Wednesday, January 20, 2016

Black health matters: Understanding and implementing the key ... the tool

By Ness white

It's been all over the mainstream news: An offshoot of the Black Lives Matter organization, Black.Seed, shut down the San Francisco-Oakland Bay Bridge on Martin Luther King Jr., Day. Their action was reportedly meant to be seen as a "strong, courageous stand in solidarity" with King's message of radical, non-violent protest.

What has been less reported -- or focused on -- is the message on the banner the protesters' cars were lined in front of. It read "Black health matters."

Upon reading this statement, it might seem obvious that black health would matter to activists who state that black lives matter. Health is a part of life, so naturally, it would be important. But when the BLM movement has been largely associated with police-related killings and brutality for more than a year, the statement that black health matters greatly expands the discussion.

For some readers, the discussion on black health might extend as far as pointing out the health disparities between blacks and the general U.S. population. These readers would be correct to name those disparities as studies and statistics have repeatedly done so over the past few years. Because of this, today's article will not delve deeply into said health disparities, but will focus instead on one way in which black health can be maximized.

The key

Rooftop yoga instructor and psychology student Markedia "Moka" Hinds recently told me that yoga -- a moving meditation -- allows her to be rejuvenated, livelier, and more balanced and centered. She added that while the exercise is physically and mentally beneficial, pushing her past her limitations, there is another important aspect of it.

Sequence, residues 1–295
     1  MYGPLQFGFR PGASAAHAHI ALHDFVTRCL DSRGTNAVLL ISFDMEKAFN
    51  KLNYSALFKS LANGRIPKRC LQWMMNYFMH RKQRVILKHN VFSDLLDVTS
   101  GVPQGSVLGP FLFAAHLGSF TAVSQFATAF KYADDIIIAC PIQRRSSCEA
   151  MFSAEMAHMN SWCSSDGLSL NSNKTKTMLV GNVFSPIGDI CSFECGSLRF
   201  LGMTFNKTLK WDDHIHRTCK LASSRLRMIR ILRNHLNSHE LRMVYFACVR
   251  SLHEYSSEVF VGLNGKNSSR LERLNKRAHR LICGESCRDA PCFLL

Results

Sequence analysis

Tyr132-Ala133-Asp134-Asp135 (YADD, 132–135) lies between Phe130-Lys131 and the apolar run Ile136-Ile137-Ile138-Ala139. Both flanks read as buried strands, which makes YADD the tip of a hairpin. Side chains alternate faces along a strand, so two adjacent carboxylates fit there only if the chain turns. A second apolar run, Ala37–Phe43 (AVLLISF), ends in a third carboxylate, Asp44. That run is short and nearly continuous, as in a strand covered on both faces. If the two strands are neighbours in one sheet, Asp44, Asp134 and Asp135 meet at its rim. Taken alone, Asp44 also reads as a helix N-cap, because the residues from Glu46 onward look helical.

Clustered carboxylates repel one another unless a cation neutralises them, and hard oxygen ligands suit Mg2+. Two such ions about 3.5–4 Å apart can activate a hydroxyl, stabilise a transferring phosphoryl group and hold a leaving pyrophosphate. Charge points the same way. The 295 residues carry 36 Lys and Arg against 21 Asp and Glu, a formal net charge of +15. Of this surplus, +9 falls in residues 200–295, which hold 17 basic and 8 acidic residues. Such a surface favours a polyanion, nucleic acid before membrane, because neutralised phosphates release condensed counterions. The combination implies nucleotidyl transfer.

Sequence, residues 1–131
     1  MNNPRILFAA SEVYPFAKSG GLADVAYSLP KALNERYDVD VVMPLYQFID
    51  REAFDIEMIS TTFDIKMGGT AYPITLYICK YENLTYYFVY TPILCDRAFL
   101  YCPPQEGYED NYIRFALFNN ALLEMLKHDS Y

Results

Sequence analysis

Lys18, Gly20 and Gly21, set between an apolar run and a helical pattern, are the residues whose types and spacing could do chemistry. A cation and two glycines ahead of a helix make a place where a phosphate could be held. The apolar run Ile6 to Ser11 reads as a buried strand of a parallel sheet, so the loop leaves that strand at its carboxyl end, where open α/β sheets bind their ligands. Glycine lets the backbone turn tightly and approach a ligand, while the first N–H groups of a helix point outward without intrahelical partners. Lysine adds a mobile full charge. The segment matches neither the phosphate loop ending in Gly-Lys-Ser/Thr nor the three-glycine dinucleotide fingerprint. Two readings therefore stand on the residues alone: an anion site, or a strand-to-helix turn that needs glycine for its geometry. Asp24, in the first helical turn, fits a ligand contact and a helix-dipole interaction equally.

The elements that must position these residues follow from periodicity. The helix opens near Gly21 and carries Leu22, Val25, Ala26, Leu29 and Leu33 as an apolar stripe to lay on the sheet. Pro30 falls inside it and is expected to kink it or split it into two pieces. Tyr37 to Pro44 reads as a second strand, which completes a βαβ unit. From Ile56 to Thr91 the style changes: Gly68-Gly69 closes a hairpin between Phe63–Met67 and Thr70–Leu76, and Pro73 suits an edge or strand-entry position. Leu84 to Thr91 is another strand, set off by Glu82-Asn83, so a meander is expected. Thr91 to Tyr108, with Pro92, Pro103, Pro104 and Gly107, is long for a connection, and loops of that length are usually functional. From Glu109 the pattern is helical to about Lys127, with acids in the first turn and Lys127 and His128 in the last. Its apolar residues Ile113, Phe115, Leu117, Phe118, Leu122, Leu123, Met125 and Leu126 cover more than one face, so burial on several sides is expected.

"Awareness of breath is what's key to that whole experience," she said.

Talking more about breath awareness, Moka explained that we begin to breathe through our chests as we get older -- a completely normal anxiety-ridden response to the daily stresses we experience. However, we don't get much air -- or oxygen -- when breathing this way, and our years on Earth are greatly reduced. Babies, on the other hand, breathe through their bellies -- which is also considered diaphragmatic breathing, and a slower, calmer form of respiration.

Focusing on and being conscious of our breathing here and there throughout the day is helpful in slowing the pace of our thoughts, Moka said. It can be done anywhere, at any time and is accessible to anyone.

"Take a step back and breathe," she advised, adding that it is helpful particularly during emotionally charged situations. "As you practice awareness more, awareness becomes more natural.

"Come back to the breath."

Now, [what we can do] about those disparities

Remember those aforementioned health disparities? Well, here is where they come into play. Many of the health disparities black people experience are directly related to stress. High blood pressure, heart disease and asthma, for example, are all believed to be worsened by heightened stress levels.

How far will Black.Seed and, perhaps, other BLM offshoot groups go to promote black health? Will they incorporate breath awareness and breath work into their practices?

At the end of 2013, I wrote a graduate paper discussing the importance of breath as a tool for feminists of all races, classes and orientations to use against oppression. As the official BLM organization is a partially-feminist group, I believe what I wrote in that paper can apply and add to the movement.

"The breath has been directly linked to stress and stress has been directly linked to various oppressions," I wrote. "For example, according to the American Psychological Association, racism has been considered a contributor to stress among racial minorities, many of us unaware of the impacts such stress even has on our beings, given that we are even aware of the stress at all.

"These oppressions, steeped in fear, promote hate, death ... in not just the physical sense, but death to our mental, emotional, as well as spiritual planes of being. One way in which these oppressions continue their long-term effects on us is through stress, targeting the breath as a crucial ingredient of life.

"Considering its very nature as a life force driving our emotions, thoughts, [and] actions ... I offer a view of the breath as a tool that -- already in use -- we can wield to lessen the deadly effects oppression(s) has/have on our bodies, hearts, minds, [and] spirits, instead of exacerbating them."

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